Quilts help teach math, social studies, poetry

URBANA — Studying dozens of mounted quilts boasting colors bold and delicate, squares both breathtakingly real-looking and delightfully abstract, seventh-grade students studied and discussed them carefully.

The students, seventh-graders from Monticello Middle School, were at the Spiritual Life Center at Cunningham Children's Home in Urbana, finishing up a lesson on quilts that incorporated math, social studies and poetry.

The quilts are on display for Cunningham's Festival of Quilts on Friday and Saturday.

The 120 students also picked out their own squares on three quilts they made that are on display for the festival.

Monticello math teacher Pam Householder started teaching the students about quilts after winter break.

She had students in pre-algebra design 6-inch quilt squares as a way of learning about the properties of triangles and quadrilaterals, which are any shapes with four sides.

Then, students had to scale their design up into a 10-inch square, which involved proportions and scale drawings.

Students who take Math 7 also designed squares and found the perimeter and area of each shape in their designs. The students cut out the fabric to create their designs and sewed them together.

With the help of some students during study halls, Householder assembled the squares into three quilts. (Parents also donated fabric, let Householder borrow sewing machines and ironing boards and volunteered in the classroom while students were sewing.)

To incorporate social studies and poetry, Householder borrowed a display box from her mother's quilt club that shows how escaping slaves in the 19th century used quilts in the Underground Railroad to show each other how to get from one area to another.

Householder's goal was to have the quilt lesson incorporate nonfiction in literature, social studies and reiterate that "math is everywhere," she said.

"It all ties together," she said.

Householder assigned her students Thursday to come up with 10 of their own Underground Railroad navigation clues, written in free verse and using 10 quilts on display for the festival. Before the trip to Urbana, the classes talked about the kinds of geographical features they might see and need to overcome on their maps.

Thursday, the students worked in groups, each assigned a part of an Underground Railroad map, carefully studying the quilts' names and designs. Once they're back in the classroom, Householder will put together their maps to create complete Underground Railroad routes.

Some crowded around a quilt called "Entrancing Geese," which also featured triangles that could be interpreted as arrows. Other students scribbled furiously while looking at quilts featuring barns.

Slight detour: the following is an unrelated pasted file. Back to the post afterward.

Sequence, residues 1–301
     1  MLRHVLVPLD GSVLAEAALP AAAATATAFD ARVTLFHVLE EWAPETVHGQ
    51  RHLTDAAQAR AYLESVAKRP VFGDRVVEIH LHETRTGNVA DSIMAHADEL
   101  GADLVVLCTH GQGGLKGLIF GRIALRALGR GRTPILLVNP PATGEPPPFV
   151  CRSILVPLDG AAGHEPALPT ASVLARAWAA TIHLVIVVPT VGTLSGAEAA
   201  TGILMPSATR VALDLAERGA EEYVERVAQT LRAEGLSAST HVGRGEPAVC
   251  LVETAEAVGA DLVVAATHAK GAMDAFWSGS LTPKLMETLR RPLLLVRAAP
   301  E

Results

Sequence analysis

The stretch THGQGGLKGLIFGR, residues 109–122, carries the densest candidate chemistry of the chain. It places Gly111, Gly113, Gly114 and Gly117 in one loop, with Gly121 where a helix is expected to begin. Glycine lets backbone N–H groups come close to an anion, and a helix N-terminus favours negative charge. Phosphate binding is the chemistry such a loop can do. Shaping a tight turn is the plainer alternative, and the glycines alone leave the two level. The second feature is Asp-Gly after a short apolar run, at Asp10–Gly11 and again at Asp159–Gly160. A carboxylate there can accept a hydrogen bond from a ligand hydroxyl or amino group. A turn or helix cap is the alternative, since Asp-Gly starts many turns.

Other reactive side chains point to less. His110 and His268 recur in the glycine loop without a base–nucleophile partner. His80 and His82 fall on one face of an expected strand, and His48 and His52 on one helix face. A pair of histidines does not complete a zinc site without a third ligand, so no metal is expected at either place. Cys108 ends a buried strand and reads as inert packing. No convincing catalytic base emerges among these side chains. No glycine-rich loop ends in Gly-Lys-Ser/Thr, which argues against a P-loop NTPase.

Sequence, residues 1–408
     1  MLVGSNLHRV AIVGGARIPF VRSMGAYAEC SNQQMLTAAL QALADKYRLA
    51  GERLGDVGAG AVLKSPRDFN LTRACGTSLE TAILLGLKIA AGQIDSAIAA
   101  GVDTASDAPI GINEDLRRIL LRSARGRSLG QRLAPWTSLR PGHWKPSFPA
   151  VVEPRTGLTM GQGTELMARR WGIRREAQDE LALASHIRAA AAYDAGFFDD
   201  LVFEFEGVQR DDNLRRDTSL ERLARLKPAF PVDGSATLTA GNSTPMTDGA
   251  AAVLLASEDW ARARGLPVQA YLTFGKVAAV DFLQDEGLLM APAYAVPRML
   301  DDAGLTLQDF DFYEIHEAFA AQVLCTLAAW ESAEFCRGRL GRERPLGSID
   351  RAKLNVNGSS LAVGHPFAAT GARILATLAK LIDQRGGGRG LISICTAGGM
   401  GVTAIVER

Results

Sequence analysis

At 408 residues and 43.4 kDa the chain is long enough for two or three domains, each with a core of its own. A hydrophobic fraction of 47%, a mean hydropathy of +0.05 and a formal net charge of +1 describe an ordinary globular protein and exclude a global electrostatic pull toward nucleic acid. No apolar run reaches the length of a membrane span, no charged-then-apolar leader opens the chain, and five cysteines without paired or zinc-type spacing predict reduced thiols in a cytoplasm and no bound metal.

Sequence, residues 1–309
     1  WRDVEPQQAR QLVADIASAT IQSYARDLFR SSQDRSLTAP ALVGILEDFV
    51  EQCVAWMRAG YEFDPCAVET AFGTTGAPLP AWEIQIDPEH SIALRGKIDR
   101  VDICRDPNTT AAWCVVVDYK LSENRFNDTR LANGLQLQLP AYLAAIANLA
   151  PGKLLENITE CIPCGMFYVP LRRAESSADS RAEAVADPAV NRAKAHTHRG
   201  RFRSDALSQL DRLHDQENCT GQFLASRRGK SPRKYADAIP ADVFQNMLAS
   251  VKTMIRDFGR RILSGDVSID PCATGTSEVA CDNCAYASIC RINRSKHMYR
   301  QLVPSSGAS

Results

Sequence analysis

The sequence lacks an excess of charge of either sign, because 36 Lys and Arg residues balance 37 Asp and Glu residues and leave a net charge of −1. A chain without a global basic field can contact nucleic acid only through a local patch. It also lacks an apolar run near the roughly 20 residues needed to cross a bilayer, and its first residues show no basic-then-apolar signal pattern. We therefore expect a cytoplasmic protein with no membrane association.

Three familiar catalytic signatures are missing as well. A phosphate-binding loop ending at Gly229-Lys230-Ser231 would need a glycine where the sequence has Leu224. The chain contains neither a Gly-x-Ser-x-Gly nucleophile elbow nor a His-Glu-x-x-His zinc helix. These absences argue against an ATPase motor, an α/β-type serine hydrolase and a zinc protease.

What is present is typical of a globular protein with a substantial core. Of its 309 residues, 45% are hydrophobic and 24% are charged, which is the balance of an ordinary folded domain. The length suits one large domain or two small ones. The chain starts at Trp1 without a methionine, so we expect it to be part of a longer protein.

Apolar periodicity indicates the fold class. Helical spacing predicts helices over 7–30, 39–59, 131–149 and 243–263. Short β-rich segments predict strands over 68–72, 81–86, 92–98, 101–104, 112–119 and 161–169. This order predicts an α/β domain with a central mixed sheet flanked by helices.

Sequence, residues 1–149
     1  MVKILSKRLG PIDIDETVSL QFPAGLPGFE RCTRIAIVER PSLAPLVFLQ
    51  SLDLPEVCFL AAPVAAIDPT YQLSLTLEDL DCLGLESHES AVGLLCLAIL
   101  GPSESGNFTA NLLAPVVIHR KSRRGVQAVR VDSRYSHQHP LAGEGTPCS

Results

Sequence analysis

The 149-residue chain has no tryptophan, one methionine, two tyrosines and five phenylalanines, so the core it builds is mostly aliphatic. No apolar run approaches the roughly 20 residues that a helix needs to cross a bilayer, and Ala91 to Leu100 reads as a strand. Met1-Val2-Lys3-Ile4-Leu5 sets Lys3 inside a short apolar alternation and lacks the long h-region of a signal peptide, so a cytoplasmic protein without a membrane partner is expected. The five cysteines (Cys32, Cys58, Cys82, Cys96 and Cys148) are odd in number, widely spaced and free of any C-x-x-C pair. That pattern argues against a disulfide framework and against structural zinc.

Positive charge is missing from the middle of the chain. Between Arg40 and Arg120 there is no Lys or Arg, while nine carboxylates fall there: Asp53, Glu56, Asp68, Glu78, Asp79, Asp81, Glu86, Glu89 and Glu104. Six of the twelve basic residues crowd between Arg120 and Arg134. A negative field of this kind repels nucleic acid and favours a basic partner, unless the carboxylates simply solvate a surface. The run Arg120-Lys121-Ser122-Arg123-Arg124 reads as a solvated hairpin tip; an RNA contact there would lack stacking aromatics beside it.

A group made up of Amy Love, Westin Perrero, Madison Mesplay, Paige Meece and Grace Terstriep had to write a clue about how to cross a body of water.

They found a quilt called "Jumping Fish," so their clue started, "Find the pond with jumping fish ..." and finished with instructions about which way to turn after crossing a bridge.

They used a quilt called "Sweet Dreams" to indicate a safe place to sleep.

Love said she liked seeing the quilt containing her square on display.

"It looks better when the entire thing is together," she said.

Householder got involved with the Cunningham Children's Home when she started looking for a place to donate the class' quilts to children. The parent of one of her students is on the board at Cunningham Children's Home, which offers residential treatment and other services to children with emotional and behavioral disabilities.

Householder said she knows a quilt can be "a safe harbor for students going through difficult times."

Two twin-size quilts will be given to residents at Cunningham Children's Home, and the middle school will display a smaller quilt that features Monticello's colors, purple, gold and white.

Winnie Crowder, Cunningham Children's Home's director of advancement, said since the home opened in 1895, every child who's lived at Cunningham has received a handmade quilt.

"In many cases, it's the first time something has been given to them that's theirs to keep," she said.

Cunningham's Festival of Quilts celebrates that fact, she said.

Seventh-grader Mica Allison said making quilt squares was "challenging but fun," adding that she thought scaling up her original 6-inch design was the hardest part.

She liked the fact that the seventh-graders' quilts will be given to a resident.

"I really think it's cool that the kids here get one of these," she said.

Event details

 

URBANA — Cunningham Children's Home is hosting its annual Festival of Quilts from 9 a.m. to 5 p.m. Friday and Saturday. The festival is in the Spiritual Life Center on the campus of Cunningham Children's Home, 1301 N. Cunningham Ave., U.

The festival includes a quilt exhibit featuring dozens of hand- and machine-quilted pieces. The show will include contemporary designs as well as antique quilts, some of which are family heirlooms on loan for the show.

Professional quilt judges will award ribbons to the best quilts in various categories.

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jms wrote on April 12, 2013 at 9:04 am

What a great idea! And the quilts looks beautiful.

Great teacher.